[ MORE: Southampton see off Wigan | Chelsea complete the final four ]

The semifinals draw, which was held immediately after Chelsea’s extra-time victory over Leicester City on Sunday, has pitted Man United against Tottenham with Spurs the de facto away side in their temporary home at Wembley Stadium. The two sides are currently separated by just four points (with eight games to go) in the race for second in the Premier League.

In the other semifinal, it’ll be Southampton versus Chelsea. The Blues made it all the way to the final last season before losing out to Arsenal. Similarly, Saints lost last season’s League Cup final, to Man United.

The games will be played on Saturday, April 21, and Sunday, April 22.

FA Cup semifinals schedule

Manchester United vs. Tottenham Hotspur
Southampton vs. Chelsea

USMNT name squad for friendly v Paraguay

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The U.S. national team have announced their 22-man roster for the friendly against Paraguay in Cary, North Carolina on March 27.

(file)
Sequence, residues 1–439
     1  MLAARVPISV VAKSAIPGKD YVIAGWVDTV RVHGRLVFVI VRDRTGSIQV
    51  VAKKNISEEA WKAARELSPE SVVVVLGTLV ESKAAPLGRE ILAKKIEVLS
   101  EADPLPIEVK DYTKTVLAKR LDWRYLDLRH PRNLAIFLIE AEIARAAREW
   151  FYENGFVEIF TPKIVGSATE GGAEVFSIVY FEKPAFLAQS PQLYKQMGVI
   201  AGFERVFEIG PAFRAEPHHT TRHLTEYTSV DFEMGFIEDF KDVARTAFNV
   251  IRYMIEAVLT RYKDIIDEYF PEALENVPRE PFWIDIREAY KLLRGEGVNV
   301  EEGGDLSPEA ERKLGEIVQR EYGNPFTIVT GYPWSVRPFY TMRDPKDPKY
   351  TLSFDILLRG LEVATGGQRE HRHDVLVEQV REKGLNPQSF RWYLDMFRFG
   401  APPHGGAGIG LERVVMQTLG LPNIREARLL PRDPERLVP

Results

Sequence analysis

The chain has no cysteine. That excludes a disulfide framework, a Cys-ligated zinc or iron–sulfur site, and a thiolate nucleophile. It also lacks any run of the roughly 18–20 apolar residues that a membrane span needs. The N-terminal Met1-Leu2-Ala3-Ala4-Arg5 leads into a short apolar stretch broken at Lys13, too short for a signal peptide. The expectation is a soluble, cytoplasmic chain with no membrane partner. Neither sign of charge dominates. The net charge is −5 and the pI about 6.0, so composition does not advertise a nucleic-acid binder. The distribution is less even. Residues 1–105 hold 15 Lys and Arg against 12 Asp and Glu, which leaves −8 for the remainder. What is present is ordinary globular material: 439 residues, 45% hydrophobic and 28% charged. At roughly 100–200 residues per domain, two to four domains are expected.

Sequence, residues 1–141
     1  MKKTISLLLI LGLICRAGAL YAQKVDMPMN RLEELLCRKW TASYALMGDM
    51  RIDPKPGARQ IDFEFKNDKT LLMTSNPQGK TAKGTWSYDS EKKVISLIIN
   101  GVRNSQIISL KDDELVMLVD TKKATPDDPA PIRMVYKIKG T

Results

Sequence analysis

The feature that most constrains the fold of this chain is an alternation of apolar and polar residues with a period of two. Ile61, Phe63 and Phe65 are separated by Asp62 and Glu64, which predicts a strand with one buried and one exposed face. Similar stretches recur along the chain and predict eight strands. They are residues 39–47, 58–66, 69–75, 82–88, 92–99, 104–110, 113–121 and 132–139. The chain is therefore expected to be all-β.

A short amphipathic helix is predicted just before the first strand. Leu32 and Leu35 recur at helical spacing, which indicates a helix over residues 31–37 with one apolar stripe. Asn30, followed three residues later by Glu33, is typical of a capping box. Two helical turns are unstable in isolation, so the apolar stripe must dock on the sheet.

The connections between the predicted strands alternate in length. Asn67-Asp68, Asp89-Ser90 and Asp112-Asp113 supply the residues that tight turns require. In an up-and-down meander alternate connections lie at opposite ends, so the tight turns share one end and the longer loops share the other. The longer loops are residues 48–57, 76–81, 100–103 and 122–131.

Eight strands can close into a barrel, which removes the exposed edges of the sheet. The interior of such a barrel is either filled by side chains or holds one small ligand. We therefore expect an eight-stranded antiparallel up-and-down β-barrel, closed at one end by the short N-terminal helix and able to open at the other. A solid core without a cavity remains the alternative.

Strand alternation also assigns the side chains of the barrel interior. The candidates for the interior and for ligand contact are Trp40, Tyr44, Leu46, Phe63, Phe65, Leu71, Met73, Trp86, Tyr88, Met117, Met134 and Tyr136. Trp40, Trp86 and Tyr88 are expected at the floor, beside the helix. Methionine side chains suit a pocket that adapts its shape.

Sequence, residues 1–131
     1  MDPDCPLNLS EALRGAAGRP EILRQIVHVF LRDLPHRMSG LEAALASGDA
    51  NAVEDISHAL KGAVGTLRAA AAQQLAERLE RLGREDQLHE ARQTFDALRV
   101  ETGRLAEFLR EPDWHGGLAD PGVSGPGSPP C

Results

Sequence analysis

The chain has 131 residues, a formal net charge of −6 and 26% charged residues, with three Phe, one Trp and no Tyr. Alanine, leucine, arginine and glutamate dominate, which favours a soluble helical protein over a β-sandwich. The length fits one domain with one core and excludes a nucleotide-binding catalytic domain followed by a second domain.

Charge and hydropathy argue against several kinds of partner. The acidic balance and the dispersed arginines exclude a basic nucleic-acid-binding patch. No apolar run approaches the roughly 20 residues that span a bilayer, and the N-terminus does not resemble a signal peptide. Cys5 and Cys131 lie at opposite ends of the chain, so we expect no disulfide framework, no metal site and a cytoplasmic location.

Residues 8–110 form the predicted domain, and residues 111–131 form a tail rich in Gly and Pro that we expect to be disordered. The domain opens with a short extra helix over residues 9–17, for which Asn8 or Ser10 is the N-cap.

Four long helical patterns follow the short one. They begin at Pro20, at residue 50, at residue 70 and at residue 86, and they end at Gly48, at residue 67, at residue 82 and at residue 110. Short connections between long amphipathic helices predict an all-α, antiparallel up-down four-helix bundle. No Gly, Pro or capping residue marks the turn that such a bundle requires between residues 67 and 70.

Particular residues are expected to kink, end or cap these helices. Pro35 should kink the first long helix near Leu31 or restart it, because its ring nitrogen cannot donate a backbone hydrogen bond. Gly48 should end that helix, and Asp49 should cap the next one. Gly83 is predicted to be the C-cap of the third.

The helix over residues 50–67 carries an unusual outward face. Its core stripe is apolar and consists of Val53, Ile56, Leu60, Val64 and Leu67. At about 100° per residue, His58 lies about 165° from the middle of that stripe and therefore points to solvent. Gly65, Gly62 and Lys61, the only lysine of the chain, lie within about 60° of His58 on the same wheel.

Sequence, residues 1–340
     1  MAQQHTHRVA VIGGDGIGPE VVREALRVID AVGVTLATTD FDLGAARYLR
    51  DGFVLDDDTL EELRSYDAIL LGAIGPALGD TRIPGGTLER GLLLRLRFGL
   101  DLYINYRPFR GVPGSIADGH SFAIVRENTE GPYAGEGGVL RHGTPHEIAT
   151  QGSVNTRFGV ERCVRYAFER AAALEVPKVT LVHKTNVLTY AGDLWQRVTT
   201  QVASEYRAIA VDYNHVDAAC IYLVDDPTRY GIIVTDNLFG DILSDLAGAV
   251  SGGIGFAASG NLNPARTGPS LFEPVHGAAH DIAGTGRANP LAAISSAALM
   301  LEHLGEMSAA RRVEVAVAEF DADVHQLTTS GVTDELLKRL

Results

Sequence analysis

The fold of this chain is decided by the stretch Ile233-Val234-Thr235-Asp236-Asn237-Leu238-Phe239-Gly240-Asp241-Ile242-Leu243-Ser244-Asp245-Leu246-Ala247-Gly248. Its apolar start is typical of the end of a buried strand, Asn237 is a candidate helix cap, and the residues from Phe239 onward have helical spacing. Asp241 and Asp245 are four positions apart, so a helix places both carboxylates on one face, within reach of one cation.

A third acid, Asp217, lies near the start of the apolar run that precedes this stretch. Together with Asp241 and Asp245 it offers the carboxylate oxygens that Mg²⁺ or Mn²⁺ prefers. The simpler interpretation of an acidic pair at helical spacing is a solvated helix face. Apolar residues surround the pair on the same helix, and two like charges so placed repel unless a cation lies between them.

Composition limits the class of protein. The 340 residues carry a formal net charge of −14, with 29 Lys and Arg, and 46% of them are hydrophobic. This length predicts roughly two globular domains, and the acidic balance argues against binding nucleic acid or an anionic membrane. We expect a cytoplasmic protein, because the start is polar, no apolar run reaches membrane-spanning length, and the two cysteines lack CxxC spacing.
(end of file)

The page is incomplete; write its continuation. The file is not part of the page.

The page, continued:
This could be the moment we look back at the old guard passing the baton.

Interim head coach Dave Sarachan has named a young team as Levante’s Shaq Moore and former Sporting KC defender Erik Palmer-Brown (now at Manchester City) received their first call ups.

Per the release, the average of the squad is 23 years, 84 days with 17 players aged 24 or under. Is this the dawn of a new era?

With no sign of a new head coach being appointed until probably after the 2018 World Cup, plus no General Manager (a newly created role by new USSF president Carlos Cordeiro) yet appointed for the USMNT, it’s tough to know how much to read into this team selection as the U.S. rebuild continues to be put on hold after the failure to make the 2018 World Cup.

Christian Pulisic has not been called up due to the U.S. letting him focus on Borussia Dortmund for the time being and, let’s be honest, we all know he is the star of this team and will be for decades to come. Giving him a rest this time could be hugely beneficial in the future.

Antonee Robinson, Marky Delgado, Timothy Weah and Andrija Novakovich are also looking for their first cap after impressing.

Weah has been rewarded after coming off the bench for PSG’s first team in recent weeks as he also starred for the USA at the U-17 World Cup, while Robinson has broken through at Bolton and Novakovich is scoring goals for fun in Holland.